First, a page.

University of Nebraska Medical Center

Chi Lin, MD, PhD, MS

Vice Chair of Research, UNMC Department of Radiation Oncology

Dr. Chi LIn

Chi Lin, MD, PhD, MS, is a professor and vice chair of research in the Department of Radiation Oncology of the UNMC College of Medicine. She provides clinical care as a radiation oncologist through UNMC's primary clinical partner, Nebraska Medicine. She is interested in GI and pediatric clinical and translational research. Her career plan is to be a successful clinician as well as a clinical investigator in the area of GI and pediatric cancer treatment.

Her long-term research goals:

  1. Use laboratory and clinical data to understand factors influencing treatment outcomes and to generate hypotheses for clinical trials.
  2. Design and develop clinical trials and to hasten the introduction of improved regimens for cancer therapy into everyday medical practice and patient care. 

Dr. Lin has a broad background in radiation oncology, with specific training and expertise in gastrointestinal cancer research and secondary data analysis.

  • Medical School: Medical Center of Fudan University, 1983
  • Graduate Education: Thomas Jefferson University, 1996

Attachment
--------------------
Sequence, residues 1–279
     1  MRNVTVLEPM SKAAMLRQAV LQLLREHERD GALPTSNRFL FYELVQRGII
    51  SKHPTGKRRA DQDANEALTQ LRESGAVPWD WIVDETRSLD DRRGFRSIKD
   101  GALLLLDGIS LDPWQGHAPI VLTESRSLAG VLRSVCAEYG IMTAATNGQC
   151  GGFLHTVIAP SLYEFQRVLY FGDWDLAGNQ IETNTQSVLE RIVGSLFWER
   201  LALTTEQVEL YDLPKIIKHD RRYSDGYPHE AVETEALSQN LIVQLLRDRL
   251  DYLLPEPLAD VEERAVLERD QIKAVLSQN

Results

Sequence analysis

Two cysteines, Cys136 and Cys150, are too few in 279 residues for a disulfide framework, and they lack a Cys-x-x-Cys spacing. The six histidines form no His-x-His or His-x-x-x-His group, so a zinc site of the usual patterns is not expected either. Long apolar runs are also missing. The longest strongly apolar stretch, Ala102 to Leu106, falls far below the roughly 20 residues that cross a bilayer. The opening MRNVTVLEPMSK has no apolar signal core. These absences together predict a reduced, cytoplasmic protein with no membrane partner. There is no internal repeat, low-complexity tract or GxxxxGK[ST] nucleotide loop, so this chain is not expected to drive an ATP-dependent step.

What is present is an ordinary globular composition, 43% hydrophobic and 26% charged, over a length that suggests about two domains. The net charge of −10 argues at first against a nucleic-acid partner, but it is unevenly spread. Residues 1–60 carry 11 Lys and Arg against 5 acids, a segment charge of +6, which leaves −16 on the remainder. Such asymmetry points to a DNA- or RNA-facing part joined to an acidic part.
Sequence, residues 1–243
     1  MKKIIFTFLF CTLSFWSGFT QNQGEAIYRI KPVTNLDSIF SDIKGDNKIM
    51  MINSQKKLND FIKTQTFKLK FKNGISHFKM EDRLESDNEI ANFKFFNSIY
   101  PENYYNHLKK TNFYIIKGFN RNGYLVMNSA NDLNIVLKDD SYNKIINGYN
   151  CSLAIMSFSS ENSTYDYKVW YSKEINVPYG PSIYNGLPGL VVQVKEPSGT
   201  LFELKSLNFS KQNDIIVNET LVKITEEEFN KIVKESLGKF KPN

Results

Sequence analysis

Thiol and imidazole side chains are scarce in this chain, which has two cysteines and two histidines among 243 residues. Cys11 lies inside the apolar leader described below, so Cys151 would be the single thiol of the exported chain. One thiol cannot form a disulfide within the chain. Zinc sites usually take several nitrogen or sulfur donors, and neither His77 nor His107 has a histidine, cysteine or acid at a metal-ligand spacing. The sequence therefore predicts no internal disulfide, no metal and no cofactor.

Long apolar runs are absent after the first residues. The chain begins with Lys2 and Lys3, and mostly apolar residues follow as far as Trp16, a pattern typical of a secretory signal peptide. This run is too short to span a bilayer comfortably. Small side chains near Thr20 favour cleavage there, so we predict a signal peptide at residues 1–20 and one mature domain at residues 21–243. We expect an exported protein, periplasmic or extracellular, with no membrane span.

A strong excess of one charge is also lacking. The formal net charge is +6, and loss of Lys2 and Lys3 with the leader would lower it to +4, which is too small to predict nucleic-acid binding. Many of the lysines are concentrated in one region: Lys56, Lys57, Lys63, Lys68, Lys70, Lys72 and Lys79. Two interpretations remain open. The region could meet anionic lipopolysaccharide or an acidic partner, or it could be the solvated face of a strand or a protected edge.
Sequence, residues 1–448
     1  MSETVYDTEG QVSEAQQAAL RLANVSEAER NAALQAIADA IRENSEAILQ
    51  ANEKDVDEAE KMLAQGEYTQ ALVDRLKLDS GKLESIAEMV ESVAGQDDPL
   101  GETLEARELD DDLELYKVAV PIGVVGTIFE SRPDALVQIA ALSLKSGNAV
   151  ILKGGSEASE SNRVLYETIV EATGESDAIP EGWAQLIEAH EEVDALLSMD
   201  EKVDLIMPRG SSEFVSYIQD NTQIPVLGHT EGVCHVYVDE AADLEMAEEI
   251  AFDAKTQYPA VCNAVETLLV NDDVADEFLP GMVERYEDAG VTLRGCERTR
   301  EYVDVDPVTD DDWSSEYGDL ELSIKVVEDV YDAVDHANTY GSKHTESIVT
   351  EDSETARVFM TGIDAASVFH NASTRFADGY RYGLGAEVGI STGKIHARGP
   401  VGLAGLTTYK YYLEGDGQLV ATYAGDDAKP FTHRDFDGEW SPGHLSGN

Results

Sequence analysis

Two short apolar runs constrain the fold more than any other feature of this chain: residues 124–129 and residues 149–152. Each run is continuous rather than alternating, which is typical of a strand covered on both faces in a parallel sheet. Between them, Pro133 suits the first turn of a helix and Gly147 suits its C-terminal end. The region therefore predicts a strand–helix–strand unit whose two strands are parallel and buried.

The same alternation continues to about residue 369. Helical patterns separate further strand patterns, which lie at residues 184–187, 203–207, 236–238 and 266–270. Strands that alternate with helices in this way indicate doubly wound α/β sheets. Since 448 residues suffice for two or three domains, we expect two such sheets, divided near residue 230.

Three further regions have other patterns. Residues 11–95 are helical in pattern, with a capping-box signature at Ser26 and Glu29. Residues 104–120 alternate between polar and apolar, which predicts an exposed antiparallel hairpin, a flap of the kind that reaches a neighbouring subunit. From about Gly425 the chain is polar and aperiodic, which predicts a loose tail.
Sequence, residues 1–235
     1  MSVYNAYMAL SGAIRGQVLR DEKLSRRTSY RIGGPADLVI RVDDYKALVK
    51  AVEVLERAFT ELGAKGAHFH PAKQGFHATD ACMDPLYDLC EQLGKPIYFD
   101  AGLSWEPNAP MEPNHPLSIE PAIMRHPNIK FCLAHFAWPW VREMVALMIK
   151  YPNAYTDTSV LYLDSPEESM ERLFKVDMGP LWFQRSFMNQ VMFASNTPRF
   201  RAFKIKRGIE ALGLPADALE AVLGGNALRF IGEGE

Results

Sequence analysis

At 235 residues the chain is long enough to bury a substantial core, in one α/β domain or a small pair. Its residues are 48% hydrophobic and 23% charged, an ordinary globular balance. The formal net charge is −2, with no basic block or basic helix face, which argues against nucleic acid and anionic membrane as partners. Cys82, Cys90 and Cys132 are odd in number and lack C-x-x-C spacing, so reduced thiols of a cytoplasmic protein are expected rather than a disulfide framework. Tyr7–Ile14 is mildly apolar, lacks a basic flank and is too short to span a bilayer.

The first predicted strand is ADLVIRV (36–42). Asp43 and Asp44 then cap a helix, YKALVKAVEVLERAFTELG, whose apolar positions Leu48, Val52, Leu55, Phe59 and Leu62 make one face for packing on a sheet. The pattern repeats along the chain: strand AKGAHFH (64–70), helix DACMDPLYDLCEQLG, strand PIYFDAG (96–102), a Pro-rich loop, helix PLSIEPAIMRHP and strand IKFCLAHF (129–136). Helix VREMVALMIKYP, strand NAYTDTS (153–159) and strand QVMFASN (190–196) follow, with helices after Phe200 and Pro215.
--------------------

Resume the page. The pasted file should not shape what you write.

• Internship: Hahnemann University Hospital, 1999
  • Residency: Radiation Oncology, Drexel University School of Medicine, 2003



Clinical trials to test the effects of radiation combining with novel radio-sensitizers or radio-protectors on cancers.

  1. 1) Pancreatic cancer SBRT with radiation sensitizers: Neoadjuvant chemoradiation therapy is an attractive approach to manage locally advanced pancreatic cancer. Not only can it allow patients with borderline resectable or unresectable disease to undergo resection, it may also reduce the rate of positive margins. Selecting non-progressors in a more refined manner may better avoid surgical morbidities. It has the major advantages of avoiding a protracted interval from diagnosis to surgery, along with increased patient convenience and enhanced cost-effectiveness. Our team was the first to test fractionated stereotactic body radiation therapy as part of neoadjuvant therapy for pancreatic cancer. We established SBRT dose and volume. On this platform, we tested radiosensitizers in efforts to improve the therapeutic ratio.
  2. 2) The effect of BMX-001 as a radioprotector: Radiation therapy with concurrent 5-fluorouracil and mitomycin-C (CRT) for patients with locally advanced anal squamous cell carcinoma results in long-term disease-free survival and sphincter preservation, but often with significant toxicity. RTOG trials showed 43-87% ≥ grade 3 acute toxicity. We are examining the effect of BMX-001, a scavenger of O2●- on decreasing CRT-associated toxicity in the lab and the clinic (phase I trial: NCT03386500). We are also examining the effect of combining BMX-001 with total neoadjuvant therapy on stage II/III rectal cancer patients on an NIH R01 grant sponsored phase III trial.
  3. 3) QOL of patients receiving radiation therapy.
Professional Memberships
  • American Society for Therapeutic Radiology and Oncology
  • American College of Radiation Oncology
  • American Society of Clinical Oncology
  • American College of Radiology